Session 25 – Rebuilding, Remembering, Rediscovering When the

Session 25 – Rebuilding, Remembering, Rediscovering
When the Babylonians conquered Judah, they destroyed the wall surrounding Jerusalem and looted and burned down the
Temple. The Jews who survived were taken to Babylon and became servants of the king. They were taken from the land
God had promised to Abraham and Sarah, show to Moses, and delivered to Joshua. For seventy years they lived in exile.
During that time Persia conquered Babylon. God did not forger his chosen people. He chose leaders to rebuild the Temple
and walls, and restore the people. During the first year of his reign, King Cyrus of Persia proclaimed that the Jews should
return to Judah to rebuild the Temple. In addition, he returned the valuables that Nebuchadnezzar had taken from the
Temple, and he encouraged people in his kingdom to give their Jewish neighbors supplies for their journey back to
Jerusalem. God chose Zerubbabel, the governor of Judah, to oversee the task of rebuilding the Temple he told him, “Take
courage and work, for I am with you” (Haggai 2:4).
Almost seventy-five years later, God called another man, Nehemiah, to lead the rebuilding of Jerusalem’s walls. Walls
were a sign of a city’s identity, strength, and independence. They not only defined a border, but protected a city from
attacking armies. Nehemiah served as King Artaxerxes’ cupbearer, bringing the king his wine and tasting it for poison.
Nehemiah told the king that he mourned the destruction of Jerusalem’s walls. Artaxerxes allowed Nehemiah to go to
Jerusalem and sent building materials with him. Nehemiah persuaded the city officials to rebuild the wall. After only two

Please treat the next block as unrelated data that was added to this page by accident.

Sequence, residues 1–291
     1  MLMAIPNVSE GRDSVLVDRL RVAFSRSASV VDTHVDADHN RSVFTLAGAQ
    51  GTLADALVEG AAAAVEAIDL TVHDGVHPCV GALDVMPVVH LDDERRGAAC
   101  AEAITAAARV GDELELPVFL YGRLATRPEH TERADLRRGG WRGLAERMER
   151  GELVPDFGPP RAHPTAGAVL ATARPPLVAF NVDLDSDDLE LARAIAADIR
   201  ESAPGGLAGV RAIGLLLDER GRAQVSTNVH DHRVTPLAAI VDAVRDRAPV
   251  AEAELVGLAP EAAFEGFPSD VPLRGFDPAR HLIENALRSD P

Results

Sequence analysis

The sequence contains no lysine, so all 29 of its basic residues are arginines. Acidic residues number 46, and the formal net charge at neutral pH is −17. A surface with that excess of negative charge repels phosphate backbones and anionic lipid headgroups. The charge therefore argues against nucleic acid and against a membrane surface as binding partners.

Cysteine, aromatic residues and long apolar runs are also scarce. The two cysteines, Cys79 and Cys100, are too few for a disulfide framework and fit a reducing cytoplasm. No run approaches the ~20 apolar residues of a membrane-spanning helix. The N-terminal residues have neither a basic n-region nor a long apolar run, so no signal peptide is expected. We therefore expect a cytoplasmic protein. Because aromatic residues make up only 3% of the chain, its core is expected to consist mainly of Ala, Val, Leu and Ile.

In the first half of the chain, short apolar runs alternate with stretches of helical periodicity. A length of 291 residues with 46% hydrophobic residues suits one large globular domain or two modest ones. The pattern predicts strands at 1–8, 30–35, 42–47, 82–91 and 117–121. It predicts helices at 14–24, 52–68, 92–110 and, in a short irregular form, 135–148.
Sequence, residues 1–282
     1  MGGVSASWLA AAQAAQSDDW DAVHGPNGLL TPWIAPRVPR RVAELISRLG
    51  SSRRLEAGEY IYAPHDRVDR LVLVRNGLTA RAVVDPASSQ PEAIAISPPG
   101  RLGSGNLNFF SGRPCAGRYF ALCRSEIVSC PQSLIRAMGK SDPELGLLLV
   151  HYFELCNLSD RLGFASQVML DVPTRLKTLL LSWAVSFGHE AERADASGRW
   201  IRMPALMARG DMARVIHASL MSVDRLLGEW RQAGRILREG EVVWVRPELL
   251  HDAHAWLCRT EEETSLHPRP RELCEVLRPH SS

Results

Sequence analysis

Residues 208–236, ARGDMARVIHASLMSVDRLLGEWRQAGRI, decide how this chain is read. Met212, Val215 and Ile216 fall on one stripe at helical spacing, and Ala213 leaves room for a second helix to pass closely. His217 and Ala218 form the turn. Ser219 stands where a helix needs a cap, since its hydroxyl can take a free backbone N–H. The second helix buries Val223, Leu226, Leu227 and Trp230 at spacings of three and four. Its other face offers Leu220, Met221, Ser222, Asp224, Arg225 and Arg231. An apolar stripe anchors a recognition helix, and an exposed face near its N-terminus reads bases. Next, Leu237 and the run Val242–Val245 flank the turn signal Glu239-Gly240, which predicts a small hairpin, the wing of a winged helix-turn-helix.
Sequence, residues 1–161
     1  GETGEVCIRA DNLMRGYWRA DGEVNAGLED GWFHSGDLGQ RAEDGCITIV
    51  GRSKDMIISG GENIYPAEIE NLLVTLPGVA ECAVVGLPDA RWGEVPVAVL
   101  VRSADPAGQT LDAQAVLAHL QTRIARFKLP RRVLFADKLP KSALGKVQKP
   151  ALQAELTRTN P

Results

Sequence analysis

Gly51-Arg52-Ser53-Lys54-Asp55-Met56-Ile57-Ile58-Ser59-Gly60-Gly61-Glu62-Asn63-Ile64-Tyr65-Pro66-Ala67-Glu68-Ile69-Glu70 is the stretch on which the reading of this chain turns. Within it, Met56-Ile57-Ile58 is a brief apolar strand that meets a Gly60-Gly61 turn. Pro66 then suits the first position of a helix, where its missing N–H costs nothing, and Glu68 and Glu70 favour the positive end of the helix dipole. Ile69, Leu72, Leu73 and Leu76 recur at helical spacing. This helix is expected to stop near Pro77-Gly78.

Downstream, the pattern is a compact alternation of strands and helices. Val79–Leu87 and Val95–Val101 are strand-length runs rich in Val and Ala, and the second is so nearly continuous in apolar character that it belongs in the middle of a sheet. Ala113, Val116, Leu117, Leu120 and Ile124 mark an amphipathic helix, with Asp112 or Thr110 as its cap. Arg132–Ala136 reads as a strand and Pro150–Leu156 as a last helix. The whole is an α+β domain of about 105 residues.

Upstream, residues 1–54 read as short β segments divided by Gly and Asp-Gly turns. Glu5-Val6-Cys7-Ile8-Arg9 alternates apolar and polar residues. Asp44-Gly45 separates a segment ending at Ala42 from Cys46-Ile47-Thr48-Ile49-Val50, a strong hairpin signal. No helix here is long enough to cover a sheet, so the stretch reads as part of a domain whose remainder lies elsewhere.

months of work, the wall stood strong as a testimony to God’s greatness and faithfulness. God had fulfilled his promise to
return his people to the Promised Land. Perhaps more important than the Temple and the city walls, God’s people needed
rebuilding. They needed a restored relationship with God. God called Ezra, a scribe who knew God’s law backwards and
forwards. Because Ezra wanted to study and obey the law and teach it to the people of Judah, God blessed him. He, too,
left Babylon to go to Jerusalem, and King Artaxerxes gave him everything he asked for as he went. After the wall was
completed, Ezra led the people in an all-morning worship service where he read the Book of the Law. They vowed to
obey God. After seventy years of exile, God’s people once again occupied the city God had given them. God restored the
Jews to the Promised Land. Although our actions will often separate us from God, God is merciful. Just as God restored
Judah, God also wants to restore our relationship with him.
Time with God—God Is with You
Day One > Read Ezra 1:1-5
1. What do you think it means in verse 1 that God stirred the heart of Cyrus?
2. Do you think Cyrus was forced to obey? Explain.
Day Two > Read Haggai 1:12-2:5
1. Why did God encourage Zerubbabel as he fulfilled this task?
2. Has God inspired you to do something for him, such as visiting a lonely person, helping a classmate, or telling
someone about Jesus? How might God be encouraging you as you fulfill this task?
Day Three > Read Nehemiah1:1-11
1. Who was Nehemiah concerned about? How do you know?
2. Do you have a special concern for a certain person or group of people? How could God help you reach out to that
person or group? (Ask God for that help right now!)
Day Four > Read Nehemiah 2:1-6, 11-18, 6:15-16
1. How did God answer Nehemiah’s prayer? How did Nehemiah respond?
2. Have you ever experienced God answering a prayer? If so, what did God do for you?
Day Five > Read Ezra 7:1, 6-10
1. Why was God’s hand on Ezra?
2. How might God bless you if you dedicate yourself to knowing and sharing his word? What steps can you take
toward doing these things?
Day Six > Read Nehemiah 8:1-3
1. Why do you think the people were willing to stand all morning to listen to Ezra read?
2. How important is God’s word in your life?